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    The emphasis of Christ’s answer to the Sadducees places in special relief the complete transformation of the soul in God offered to the human race in the resurrection. He does not say they will become angels for grace does not destroy nature. However, Our Lord says they will be like angels because they will experience a new relationship of their bodies to their souls. On earth, the soul comes to exist after the manner of the body. This is why, for instance, intellectual knowledge begins in and depends on the senses for its origin and authenticity. But in Heaven, the body comes to exist after the manner of the soul. Since the soul is a spirit and has its origin in a direct creation on the part of God for each person, this means that the final perfection of each man and woman can only be found in the direct knowledge of God that occurs in the Beatific Vision. In the general resurrection the body comes to life and experiences either happiness or pain according to the experience of the soul of this vision.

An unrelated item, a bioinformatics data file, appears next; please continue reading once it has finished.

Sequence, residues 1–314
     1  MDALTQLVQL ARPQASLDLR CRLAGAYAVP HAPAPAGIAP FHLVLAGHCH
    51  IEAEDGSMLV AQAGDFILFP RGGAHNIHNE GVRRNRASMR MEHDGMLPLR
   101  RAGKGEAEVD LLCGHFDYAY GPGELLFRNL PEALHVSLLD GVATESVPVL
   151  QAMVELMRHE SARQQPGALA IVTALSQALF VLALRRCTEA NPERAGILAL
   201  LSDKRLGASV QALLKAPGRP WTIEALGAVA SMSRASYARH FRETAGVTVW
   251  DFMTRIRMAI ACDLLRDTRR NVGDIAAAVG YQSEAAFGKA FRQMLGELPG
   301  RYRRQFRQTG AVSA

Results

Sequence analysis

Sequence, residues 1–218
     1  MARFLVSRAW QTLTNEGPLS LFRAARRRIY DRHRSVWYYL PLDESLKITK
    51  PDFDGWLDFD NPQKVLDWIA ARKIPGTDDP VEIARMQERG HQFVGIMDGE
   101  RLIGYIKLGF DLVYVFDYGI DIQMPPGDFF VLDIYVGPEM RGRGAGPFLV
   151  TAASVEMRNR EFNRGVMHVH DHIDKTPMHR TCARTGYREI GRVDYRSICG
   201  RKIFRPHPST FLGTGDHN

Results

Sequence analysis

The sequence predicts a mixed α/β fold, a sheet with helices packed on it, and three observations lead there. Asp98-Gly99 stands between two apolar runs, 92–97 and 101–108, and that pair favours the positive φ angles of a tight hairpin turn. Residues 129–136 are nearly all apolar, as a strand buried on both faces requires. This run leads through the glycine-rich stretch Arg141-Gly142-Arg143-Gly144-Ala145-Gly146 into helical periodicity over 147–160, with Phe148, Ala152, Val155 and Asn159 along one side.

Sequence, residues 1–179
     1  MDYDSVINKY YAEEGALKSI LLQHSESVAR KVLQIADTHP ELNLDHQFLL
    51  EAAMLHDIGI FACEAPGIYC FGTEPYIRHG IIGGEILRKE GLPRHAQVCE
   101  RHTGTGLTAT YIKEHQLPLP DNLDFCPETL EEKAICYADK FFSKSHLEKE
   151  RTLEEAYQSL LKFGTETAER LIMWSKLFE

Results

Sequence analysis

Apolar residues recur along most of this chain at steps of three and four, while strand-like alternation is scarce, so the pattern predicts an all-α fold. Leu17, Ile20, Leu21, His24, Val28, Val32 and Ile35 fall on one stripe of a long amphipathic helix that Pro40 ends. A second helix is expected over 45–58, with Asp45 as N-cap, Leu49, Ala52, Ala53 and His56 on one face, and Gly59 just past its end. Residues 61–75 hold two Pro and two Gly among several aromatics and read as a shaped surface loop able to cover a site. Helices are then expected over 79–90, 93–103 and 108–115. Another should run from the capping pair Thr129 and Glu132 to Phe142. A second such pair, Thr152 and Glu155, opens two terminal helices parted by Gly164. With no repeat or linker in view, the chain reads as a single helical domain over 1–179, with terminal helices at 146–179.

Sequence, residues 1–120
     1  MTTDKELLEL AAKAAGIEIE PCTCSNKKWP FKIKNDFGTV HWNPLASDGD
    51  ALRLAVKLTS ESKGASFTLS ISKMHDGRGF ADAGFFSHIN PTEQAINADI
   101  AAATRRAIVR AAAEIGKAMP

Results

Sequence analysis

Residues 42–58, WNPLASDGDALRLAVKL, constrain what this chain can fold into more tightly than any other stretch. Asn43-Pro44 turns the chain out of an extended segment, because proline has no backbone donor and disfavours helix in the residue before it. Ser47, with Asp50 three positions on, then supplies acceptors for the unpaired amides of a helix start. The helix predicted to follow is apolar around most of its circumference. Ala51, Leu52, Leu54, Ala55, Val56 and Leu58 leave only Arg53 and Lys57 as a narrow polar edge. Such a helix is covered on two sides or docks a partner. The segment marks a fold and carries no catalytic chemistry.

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    This knowledge is complete and the degree to which the subject experiences it is determined by how much the subject has loved God on earth. The transformation in love involves a sharing of life between God and the soul through grace. Although all men must experience it to go to Heaven, this transformation is especially the lot of the cloistered religious who are a sign of the mystical “alone with the Alone” which will characterize Heaven.
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    This experience demands through love that the religious adopt the same attitude towards the world as the Trinity that is witnessed in Christ and His mercy. The prayers and sacrifices of cloistered religious offered for everyone see not what is ideal but what others are and what they could be if they would accept transformation in Christ. Though no man can merit the salvation of another, by the proportion of love and because friends love what their friends love, God can use the prayers of someone to bring about the salvation of another. “For if we do God’s will in a state of grace, it is a fittingly friendly thing that God should do man’s will in return and save the other person; though sometimes of course that other person impedes his own reconciliation.” (St. Thomas Aquinas, Summa Theologiae, I-II, 114, 6)